Revalidation: Safe Practice or just another massive hurdle?

Revalidation: Safe Practice or just another massive hurdle?

Dr Steve Wilson
Tuesday 23 April 2013

At the February meeting of Federal AMA CoGP, we were asked to consider Revalidation in detail. Revalidation had its birth in the UK several years ago and a number of my OTD colleagues have experience of it. The Medical Board of Australia is working this issue up for input from every medical group including the AMA. The deliberations will be over several years so, don’t panic! 

Under the title of Managing Performance, AMA CoGP has been asked to provide comments for consideration by the AMA’s Ethics and Medico-Legal Committee (EMLC) and the Economics and Workforce Committee (EWC) for Federal Council and the later AMA contribution to the Medical Board of Australia (MBA) conversation on revalidation. In November last year, the MBA announced it would begin the discussion of revalidation for medical practitioners in Australia, particularly as to “how it can support patient safety”.


There is an international framework through which the highest regulating body, International Association of Medical Regulatory Authorities (IAMRA) defines revalidation (a.k.a. ‘Recertification’) as “…the process by which doctors have to regularly show that they are up to date and fit to practise medicine allowing retention of license to practise’. MBA expects to develop an initial discussion paper later this year and to consult widely with all stakeholders as the ‘conversation’ develops.


In January this year, the AMA Executive Council requested EMLC and EWC to:


• Identify the gaps (if any) in existing processes for identifying and addressing risky behaviour

• Develop a working definition of revalidation in that context

• Identify and address the compliance and opportunity costs; and

• Introduce the concept of professional responsibility for addressing risky behaviour directly with colleagues, on the basis of avoiding the need to make a mandatory report.


The fact is that Australian General Practice is already a heavily regulated environment. We have an internationally-acclaimed Accreditation system, Recognised Training Pathways, Vocational Registration and a fairly rigorous Continuous Professional Development requirement. However, certain limitations prevail – e.g. self-assessment can be poor, old(er) doctors are slower and can be overall less safe, and that manual skills such as surgical dexterity decline from around 55-60 years old. Doctors also rate quite highly on stress and mental disorders scales.


Further, I believe many of the ‘safety nets’ of the past have been largely crisis based – i.e. once you are seriously in trouble, are not prevention/education orientated and Mandatory Reporting has done nothing to help the situation in all states bar WA. The analogy often drawn for doctors is pilots. However commercial pilots especially, have rigorous annual health check-ups, rigid substance and alcohol restrictions and are mandated to fly long-haul no more than a certain numbers of hours a week for fatigue reasons. Meanwhile we still bang on about Safe Hours practice yet see it summarily breached every day. Will this be addressed as part of the process?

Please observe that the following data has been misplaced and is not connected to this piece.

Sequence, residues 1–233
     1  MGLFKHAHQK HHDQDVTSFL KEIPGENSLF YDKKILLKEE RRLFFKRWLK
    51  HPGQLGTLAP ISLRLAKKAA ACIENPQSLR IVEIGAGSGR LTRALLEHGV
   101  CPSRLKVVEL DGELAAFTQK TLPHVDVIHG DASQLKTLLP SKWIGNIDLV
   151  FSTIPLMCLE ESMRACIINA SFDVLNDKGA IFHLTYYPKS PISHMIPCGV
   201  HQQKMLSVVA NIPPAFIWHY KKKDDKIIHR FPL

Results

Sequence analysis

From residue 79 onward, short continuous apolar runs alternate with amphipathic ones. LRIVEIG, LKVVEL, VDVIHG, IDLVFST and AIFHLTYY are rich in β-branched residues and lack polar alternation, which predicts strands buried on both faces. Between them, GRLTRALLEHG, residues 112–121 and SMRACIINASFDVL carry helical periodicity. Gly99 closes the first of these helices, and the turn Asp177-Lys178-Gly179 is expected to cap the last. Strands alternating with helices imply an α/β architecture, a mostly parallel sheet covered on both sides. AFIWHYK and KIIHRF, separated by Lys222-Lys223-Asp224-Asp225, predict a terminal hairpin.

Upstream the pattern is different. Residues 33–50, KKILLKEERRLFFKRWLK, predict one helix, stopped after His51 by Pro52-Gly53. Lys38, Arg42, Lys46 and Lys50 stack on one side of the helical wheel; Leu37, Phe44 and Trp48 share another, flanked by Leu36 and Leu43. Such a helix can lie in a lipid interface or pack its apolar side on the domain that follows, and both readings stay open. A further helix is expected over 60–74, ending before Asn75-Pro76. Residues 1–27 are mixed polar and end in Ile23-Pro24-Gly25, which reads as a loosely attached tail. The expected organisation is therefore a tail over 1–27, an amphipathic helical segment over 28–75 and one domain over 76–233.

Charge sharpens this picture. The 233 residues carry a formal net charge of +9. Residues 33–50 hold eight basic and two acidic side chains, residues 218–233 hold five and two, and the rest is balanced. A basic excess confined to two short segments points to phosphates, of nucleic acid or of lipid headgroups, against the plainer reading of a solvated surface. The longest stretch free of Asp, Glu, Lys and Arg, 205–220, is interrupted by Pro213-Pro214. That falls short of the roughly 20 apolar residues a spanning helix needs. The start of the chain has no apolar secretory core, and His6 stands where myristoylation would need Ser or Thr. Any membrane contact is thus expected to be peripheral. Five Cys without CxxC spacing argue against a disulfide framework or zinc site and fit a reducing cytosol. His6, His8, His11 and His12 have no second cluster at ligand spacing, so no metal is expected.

Secretariat, as always, prepared an excellent paper which posed such timely questions as:


• Does the medical profession have confidence that the regulatory framework is working to identify and address risky behaviour?

• Are there gaps or deficiencies in the current regulatory framework or processes that could be filled or improved to identify and address risky behaviours?

• Is the regulatory framework adequately addressing the issues to manage poor performance?

• Is the regulatory framework adequately informing activity to avoid future adverse events?


Fundamental questions need to be asked. Where is the evidence that further regulation is needed, which will be preventative and ultimately beneficial to the profession and the community? Will it address those who fail to practise to agreed levels, and is that a sign of ‘impairment’ or more about personal style, lack of time, adequate remuneration, or lack of care, training, experience, sheer demand and workforce numbers? For me, some of the immediate issues are:


• We must show the evidence for need?

• Costs will have to rise if a revalidation process is introduced. Who pays?

• Will yet more layers of bureaucracy and an ‘industry’ grow around it?

• What is it we are trying to address? Risky behaviour? ‘Safe to Practice’? Competence versus doing a quality job?

• Why validate every doctor to catch the sub-competent or dangerous minority?


• It may cause attrition of medical numbers, both overall and in certain craft groups especially ‘riskier’ areas of practice

• Encourage earlier retirement of older doctors who are not ‘hypo-competent’ (a new term) but feel under threat by this process

• Any process should be profession owned

• Have the MDOs called for it as a risk mitigation strategy to date? No

• We need a better system to address near misses, substandard care and protection for any whistle-blowers.


The next moves include an MBA forum in Melbourne on revalidation for medical practitioners; MBA Chair Dr Joanna Flynn in discussion with Federal Council; and a policy session on revalidation at the AMA National Conference in May.


Dr Flynn of the MBA will present and the President of the British Medical Association has been invited to share the UK experiences to date.


The document will be further refined after each of these meetings to keep the AMA’s position up-to-date and to shape any formal AMA submission to the MBA.


To share your thoughts, please email me

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